Enforcement

If You Can’t Make It, Fake It

I rarely comment on FairWinds’ own cases, but this one, filed with the National Arbitration Forum (NAF) on behalf of DD IP Holder LLC (Dunkin’ Donuts) over dunkin.menu – is worth special mention due to the truly inventive but deceitful way in which the respondent defended his registration and use of the disputed domain name.

The respondent makes the rather creative claim that he teaches a series of basketball clinics in New Delhi offering a “menu” of different dunking (“dunkin”) techniques. He submitted digital mock-ups of posters, which he claims promoted his efforts at local schools (see example).  Dunkin Menu Image UDRP

Since something smelled fishy about these posters and the idea of using the word “menu” in this way, I called these schools. They said they had never heard of the respondent or his classes.  In his Additional Statement, the respondent explained that many of the schools refused to display his posters or host his program due to discrimination against poor children in India.

I had also submitted a reverse whois report showing that the respondent owns over 360 domains, many of which infringe on various well-known global and local  brands.  I asked whether the respondent would submit additional evidence that he teaches a “menu” of techniques in music under his hardrock.menu domain, in cooking using leancuisine.menu; in the history of old western films with RoyRogers.menu; and in the astronomy of celebrity residences at PlanetHollywood.menu.  Would he also rationalize his registration of domains that have no such convenient meanings such as Marriott.menu, Quorn.recipes, and Sbarro.menu? The respondent claimed that he’s holding these domains for possible future ventures such as franchises.  All of this additional cybersquatting further calls into question the validity of respondent’s claims and evidence.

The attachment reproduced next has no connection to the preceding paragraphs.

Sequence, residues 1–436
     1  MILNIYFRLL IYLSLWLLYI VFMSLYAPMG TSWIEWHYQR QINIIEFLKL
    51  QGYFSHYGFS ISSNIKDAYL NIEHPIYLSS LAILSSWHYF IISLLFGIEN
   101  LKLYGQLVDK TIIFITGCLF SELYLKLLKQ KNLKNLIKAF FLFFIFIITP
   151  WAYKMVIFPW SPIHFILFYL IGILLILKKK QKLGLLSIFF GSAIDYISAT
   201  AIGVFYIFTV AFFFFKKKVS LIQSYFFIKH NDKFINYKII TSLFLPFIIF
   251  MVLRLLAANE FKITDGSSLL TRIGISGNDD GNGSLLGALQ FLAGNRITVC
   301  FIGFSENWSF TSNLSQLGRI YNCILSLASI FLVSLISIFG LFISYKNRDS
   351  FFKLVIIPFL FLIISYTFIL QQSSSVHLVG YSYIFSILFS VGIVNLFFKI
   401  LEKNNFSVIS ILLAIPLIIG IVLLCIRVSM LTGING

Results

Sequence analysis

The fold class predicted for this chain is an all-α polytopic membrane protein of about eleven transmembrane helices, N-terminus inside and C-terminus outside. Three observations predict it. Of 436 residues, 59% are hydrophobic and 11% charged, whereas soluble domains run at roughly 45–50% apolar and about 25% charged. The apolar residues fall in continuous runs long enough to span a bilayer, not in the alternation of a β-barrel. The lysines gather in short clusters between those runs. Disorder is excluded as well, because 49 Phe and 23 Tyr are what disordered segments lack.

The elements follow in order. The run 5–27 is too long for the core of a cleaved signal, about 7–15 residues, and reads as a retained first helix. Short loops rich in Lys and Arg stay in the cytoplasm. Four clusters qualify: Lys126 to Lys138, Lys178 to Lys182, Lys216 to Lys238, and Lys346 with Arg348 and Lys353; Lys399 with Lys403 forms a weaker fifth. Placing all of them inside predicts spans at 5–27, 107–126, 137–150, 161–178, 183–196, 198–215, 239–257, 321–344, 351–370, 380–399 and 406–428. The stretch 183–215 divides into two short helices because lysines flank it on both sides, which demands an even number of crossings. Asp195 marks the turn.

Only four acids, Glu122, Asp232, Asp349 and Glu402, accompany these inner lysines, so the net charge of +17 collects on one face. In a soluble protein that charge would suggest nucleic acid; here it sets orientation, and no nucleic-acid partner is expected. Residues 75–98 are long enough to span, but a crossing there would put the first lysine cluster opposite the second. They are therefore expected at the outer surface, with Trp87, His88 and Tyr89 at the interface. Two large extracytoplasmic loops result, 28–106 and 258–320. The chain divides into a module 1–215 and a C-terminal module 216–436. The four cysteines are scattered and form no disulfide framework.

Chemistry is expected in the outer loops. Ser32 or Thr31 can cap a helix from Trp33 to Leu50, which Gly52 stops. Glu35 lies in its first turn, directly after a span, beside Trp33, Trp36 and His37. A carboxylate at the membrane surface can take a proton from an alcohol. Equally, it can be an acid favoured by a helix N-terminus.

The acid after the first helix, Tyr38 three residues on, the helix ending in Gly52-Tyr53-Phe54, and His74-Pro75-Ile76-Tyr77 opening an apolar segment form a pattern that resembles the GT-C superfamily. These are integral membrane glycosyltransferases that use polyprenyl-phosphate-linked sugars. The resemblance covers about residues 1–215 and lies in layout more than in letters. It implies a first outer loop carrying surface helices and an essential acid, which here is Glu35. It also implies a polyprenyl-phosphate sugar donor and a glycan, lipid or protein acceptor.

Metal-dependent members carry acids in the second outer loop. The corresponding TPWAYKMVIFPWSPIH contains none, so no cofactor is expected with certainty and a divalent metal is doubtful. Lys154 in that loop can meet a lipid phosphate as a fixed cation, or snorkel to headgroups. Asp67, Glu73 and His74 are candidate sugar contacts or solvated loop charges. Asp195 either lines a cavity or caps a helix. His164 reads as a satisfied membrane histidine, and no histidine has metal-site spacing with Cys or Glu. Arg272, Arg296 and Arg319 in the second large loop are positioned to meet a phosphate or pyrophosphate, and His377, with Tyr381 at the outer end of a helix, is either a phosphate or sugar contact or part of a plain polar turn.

In its decision, the panelist addressed the question of whether respondent has any rights or legitimate interests in the Dunkin.menu domain, saying  “Respondent relies on his right to use a descriptive word ‘dunkin’ as a domain name to promote his basketball courses. However Respondent has not furnished any evidence that he has ever held such courses… When challenged that such documents [the posters] were fabricated for the purpose of this Complaint, Respondent then asserted that while he had used the posters and flyers for promotional literature, he had failed to organize the events due to impediments put in his way by the management of the schools.”

Next, on the topic of bad faith, the decision states: “This Panel finds that on the balance of probabilities Respondent chose and has used the disputed domain name because of its confusing similarity to Complainant’s trademark and service marks and not for the reasons that he has put forward. His explanations are ingenious but improbable and unsupported by any evidence.”

Critical to this case is the fact that UDRP panelists are bound to consider only the evidence before them, since there’s no discovery or cross-examination in these proceedings. This panelist could have accepted the respondent’s manufactured evidence, saying, in effect, that “my hands are tied by the UDRP process”.

However, due to his experience in these matters, he saw through the ruse and acknowledged our counter-evidence and the fact that the respondent, himself, back-pedaled when he admitted some of the schools didn’t display his posters. In the end, the panelist decided to weigh the evidence rather than simply accept the respondent’s claims and posters at face value, thus arriving at the right conclusion that respondent is a cybersquatter trying very hard to game the UDRP system.